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BMC Developmental Biology

, 4:9

First Online: 06 July 2004Received: 17 January 2004Accepted: 06 July 2004

Abstract

BackgroundSecreted Hedgehog Hh signalling molecules have profound influences on many developing and regenerating tissues. Yet in most vertebrate tissues it is unclear which Hh-responses are the direct result of Hh action on a particular cell type because Hhs frequently elicit secondary signals. In developing skeletal muscle, Hhs promote slow myogenesis in zebrafish and are involved in specification of medial muscle cells in amniote somites. However, the extent to which non-myogenic cells, myoblasts or differentiating myocytes are direct or indirect targets of Hh signalling is not known.

ResultsWe show that Sonic hedgehog Shh can act directly on cultured C2 myoblasts, driving Gli1 expression, myogenin up-regulation and terminal differentiation, even in the presence of growth factors that normally prevent differentiation. Distinct myoblasts respond differently to Shh: in some slow myosin expression is increased, whereas in others Shh simply enhances terminal differentiation. Exposure of chick wing bud cells to Shh in culture increases numbers of both muscle and non-muscle cells, yet simultaneously enhances differentiation of myoblasts. The small proportion of differentiated muscle cells expressing definitive slow myosin can be doubled by Shh. Shh over-expression in chick limb bud reduces muscle mass at early developmental stages while inducing ectopic slow muscle fibre formation. Abundant later-differentiating fibres, however, do not express extra slow myosin. Conversely, Hh loss of function in the limb bud, caused by implanting hybridoma cells expressing a functionally blocking anti-Hh antibody, reduces early slow muscle formation and differentiation, but does not prevent later slow myogenesis. Analysis of Hh knockout mice indicates that Shh promotes early somitic slow myogenesis.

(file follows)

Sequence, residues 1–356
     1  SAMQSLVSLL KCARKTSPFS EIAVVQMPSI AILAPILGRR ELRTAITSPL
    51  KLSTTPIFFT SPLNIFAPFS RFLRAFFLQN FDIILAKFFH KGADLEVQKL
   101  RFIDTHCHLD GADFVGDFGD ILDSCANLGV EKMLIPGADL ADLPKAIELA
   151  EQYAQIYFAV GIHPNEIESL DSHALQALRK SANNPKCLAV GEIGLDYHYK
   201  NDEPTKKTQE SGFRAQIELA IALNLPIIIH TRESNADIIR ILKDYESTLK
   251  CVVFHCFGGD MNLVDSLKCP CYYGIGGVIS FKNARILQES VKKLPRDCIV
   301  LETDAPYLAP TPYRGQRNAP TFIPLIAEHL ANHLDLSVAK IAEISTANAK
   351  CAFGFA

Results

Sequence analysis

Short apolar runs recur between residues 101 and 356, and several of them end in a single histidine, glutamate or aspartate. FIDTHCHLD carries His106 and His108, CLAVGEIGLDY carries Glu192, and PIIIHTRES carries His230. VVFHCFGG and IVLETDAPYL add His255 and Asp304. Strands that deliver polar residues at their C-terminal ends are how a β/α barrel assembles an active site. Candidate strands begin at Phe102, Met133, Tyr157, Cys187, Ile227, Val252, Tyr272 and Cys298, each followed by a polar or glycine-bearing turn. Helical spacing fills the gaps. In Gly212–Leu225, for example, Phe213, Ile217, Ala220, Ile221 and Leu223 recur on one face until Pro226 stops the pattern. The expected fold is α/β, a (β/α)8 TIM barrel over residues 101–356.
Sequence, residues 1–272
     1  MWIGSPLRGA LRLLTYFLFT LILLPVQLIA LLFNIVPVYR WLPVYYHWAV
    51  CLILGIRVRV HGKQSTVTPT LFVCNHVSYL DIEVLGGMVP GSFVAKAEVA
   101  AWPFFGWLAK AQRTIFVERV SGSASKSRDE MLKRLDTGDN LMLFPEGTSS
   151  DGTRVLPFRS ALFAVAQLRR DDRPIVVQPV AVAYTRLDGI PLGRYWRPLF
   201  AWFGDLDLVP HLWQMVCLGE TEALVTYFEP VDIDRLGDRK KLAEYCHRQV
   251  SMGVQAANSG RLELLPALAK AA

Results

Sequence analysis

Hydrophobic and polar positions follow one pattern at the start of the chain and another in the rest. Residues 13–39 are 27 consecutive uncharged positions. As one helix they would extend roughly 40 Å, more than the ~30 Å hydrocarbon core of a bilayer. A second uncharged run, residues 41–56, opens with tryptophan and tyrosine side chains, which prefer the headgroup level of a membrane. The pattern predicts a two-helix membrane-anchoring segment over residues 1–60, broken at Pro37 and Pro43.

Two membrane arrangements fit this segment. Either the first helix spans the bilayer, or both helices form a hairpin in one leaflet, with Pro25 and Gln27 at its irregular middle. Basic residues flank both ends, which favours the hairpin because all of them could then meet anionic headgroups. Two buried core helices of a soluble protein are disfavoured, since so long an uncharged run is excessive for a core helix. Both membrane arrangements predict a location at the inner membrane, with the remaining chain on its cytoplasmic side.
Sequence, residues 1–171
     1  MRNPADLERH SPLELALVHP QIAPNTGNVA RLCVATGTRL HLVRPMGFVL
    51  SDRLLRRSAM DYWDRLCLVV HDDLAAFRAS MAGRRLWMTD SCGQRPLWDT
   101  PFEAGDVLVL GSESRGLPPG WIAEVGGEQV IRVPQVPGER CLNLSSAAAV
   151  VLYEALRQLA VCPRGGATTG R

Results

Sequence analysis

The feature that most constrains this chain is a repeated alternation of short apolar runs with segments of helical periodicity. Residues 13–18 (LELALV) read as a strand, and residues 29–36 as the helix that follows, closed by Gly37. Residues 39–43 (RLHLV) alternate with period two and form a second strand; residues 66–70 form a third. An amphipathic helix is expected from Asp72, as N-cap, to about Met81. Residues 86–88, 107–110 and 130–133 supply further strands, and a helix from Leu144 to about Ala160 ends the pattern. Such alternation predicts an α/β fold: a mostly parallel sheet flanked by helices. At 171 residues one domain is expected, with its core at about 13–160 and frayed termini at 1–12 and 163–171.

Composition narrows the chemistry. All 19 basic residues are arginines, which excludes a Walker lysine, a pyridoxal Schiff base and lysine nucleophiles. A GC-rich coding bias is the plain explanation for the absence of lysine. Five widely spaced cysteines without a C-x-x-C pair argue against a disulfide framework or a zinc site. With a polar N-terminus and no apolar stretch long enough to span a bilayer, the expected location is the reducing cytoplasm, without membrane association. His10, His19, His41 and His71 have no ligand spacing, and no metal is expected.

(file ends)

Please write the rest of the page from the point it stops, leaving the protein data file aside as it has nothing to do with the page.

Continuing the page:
ConclusionsTaken together, the data show that Hh can have direct pro-differentiative effects on myoblasts and that early-developing muscle requires Hh for normal differentiation and slow myosin expression. We propose a simple model of how direct and indirect effects of Hh regulate early limb myogenesis.

Electronic supplementary materialThe online version of this article doi:10.1186-1471-213X-4-9 contains supplementary material, which is available to authorized users.

Xiaopeng Li, Christopher S Blagden, Heidi Bildsoe contributed equally to this work.

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Autor: Xiaopeng Li - Christopher S Blagden - Heidi Bildsoe - Marie Ange Bonnin - Delphine Duprez - Simon M Hughes

Fuente: https://link.springer.com/article/10.1186/1471-213X-4-9



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